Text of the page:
An Ecological Reading of Matthew 13:1-9 (Elaine Wainwright)
ELAINE WAINWRIGHT takes a close look at the parable of the sower in Matthew 13:1-9 and points to aspects which provide a fuller understanding of our relationships in creation.
Matthew 13:1-9 That same day Jesus went out of the house and sat beside the sea. 2 Such great crowds gathered around him that he got into a boat and sat there, while the whole crowd stood on the beach. 3 And he told them many things in parables, saying: “Listen! A sower went out to sow. 4 And as he sowed, some seeds fell on the path, and the birds came and ate them up. 5 Other seeds fell on rocky ground, where they did not have much soil, and they sprang up quickly, since they had no depth of soil. 6 But when the sun rose, they were scorched; and since they had no root, they withered away. 7 Other seeds fell among thorns, and the thorns grew up and choked them. 8 Other seeds fell on good soil and brought forth grain, some a hundredfold, some sixty, some thirty. 9 Let anyone with ears listen!”
Context for Hearing the Parable
In our reading this month we have a different type of text; a parable. However, before we encounter the parable, the gospel narrator provides a context (Mt 13:1–2), telling us the time (“that same day”) and the place (out of the house and beside the sea). Noticing the time and place helps us to read with Earth and its interrelationships. Verse 2 tells us the relationships are complex as human crowds gather about Jesus, he gets into a boat, he sits down in the boat, and the crowds stand on the beach.
The boat and beach are contexts, or the grounding, for the teaching and the hearing of teaching that constitute this section of the Matthean narrative. Indeed, in relation to hearing, this small section concludes with the words of verse 9: “Let anyone with ears listen!” This invites us to learn a new way of hearing.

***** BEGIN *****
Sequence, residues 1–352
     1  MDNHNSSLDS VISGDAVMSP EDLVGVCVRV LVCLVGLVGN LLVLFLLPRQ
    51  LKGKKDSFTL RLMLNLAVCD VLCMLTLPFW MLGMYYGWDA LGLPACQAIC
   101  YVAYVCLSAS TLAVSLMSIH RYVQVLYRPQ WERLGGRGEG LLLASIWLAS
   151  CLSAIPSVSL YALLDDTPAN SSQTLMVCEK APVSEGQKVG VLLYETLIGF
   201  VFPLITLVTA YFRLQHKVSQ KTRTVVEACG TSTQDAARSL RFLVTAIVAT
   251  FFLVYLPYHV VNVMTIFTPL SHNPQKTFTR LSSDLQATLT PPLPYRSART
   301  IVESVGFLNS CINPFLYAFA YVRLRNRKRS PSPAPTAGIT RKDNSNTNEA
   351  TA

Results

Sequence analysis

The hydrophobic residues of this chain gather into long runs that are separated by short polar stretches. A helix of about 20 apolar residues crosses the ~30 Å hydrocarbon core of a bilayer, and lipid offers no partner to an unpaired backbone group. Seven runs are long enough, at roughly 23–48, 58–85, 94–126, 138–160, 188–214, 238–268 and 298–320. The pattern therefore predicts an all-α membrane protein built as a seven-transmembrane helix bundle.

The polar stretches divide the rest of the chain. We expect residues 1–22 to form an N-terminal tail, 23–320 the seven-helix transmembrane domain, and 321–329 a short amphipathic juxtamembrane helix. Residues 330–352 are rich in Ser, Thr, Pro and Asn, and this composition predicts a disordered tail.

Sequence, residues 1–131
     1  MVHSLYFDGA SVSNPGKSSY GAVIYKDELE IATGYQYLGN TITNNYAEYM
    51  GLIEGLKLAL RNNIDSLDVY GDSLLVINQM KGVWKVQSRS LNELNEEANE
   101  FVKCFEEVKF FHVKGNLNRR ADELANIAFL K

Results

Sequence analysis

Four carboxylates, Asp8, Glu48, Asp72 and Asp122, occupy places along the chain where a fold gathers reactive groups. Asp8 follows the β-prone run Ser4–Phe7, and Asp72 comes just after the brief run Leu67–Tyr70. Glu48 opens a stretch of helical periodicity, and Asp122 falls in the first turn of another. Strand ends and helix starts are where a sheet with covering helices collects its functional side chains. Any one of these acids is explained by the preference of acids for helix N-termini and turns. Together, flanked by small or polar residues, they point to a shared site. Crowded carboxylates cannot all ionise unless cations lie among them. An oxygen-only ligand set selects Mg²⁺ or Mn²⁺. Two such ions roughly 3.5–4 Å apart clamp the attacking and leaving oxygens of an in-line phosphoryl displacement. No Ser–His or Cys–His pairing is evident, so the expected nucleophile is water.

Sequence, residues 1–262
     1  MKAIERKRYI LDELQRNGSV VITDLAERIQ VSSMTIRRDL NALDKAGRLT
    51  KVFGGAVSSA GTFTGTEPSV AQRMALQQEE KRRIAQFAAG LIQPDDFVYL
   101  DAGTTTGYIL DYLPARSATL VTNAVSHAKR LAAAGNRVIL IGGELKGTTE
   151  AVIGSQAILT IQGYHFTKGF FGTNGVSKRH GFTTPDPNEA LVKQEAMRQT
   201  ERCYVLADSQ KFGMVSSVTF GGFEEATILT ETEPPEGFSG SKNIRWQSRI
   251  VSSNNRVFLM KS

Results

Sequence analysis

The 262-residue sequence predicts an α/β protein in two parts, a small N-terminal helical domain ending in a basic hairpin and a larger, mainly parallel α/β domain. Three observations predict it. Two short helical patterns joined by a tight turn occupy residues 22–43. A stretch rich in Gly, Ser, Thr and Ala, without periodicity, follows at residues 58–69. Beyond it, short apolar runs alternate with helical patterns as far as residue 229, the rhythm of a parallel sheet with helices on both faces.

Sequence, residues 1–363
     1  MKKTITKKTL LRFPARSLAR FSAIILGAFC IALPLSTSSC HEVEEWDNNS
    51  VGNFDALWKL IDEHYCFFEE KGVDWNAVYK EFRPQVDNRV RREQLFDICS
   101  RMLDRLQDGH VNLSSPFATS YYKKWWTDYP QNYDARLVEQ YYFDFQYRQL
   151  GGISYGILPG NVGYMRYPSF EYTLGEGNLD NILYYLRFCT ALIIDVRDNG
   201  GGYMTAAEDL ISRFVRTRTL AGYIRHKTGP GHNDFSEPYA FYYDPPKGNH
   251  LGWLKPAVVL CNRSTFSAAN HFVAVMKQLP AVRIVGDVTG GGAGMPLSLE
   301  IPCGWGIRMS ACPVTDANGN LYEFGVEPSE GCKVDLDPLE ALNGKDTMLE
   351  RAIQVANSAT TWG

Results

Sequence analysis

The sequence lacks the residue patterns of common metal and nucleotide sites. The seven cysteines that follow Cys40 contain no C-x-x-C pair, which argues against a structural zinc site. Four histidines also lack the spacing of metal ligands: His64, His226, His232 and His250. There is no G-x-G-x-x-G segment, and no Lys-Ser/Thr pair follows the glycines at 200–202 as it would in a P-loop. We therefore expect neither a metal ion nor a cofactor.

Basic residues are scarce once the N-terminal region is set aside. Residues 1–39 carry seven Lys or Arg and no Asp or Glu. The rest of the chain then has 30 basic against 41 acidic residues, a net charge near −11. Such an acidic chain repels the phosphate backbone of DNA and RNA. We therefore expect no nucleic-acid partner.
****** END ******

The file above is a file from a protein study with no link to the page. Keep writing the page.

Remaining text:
The first word of Jesus from his place in the boat to the crowds gathered around him on the beach, is the attention claimer idou — which can be translated as “look”, “see”, or “listen!” We cannot hear parables without being attentive. However, an ecological reading entails a new, different type of attentiveness, a new seeing and a new hearing. In it we will learn to understand the basileia/kin(g)dom of the skies through our senses, through learning from Earth and all its interrelationships. Understanding the basileia is the core message of the Matthean Jesus’ preaching, and the beginning of the parables in Mt 13:24; 31; 33; 44; 45; 47.
Setting of the Parable
The first words of the parable describe a very familiar scene to listeners: “A sower went out to sow”. At the layer of possible first-century meaning-making, the sower might be a slave or tenant farmer on one of the large Herodian or Roman estates, or might be working on their small plot. Whatever the context, the sower belonged to society in a variety of ways and knew the seasonal rhythms for planting and harvesting. Listeners would immediately recognise the context of the parable just as contemporary readers with an ecological consciousness appreciate the rhythm of agriculture or gardening.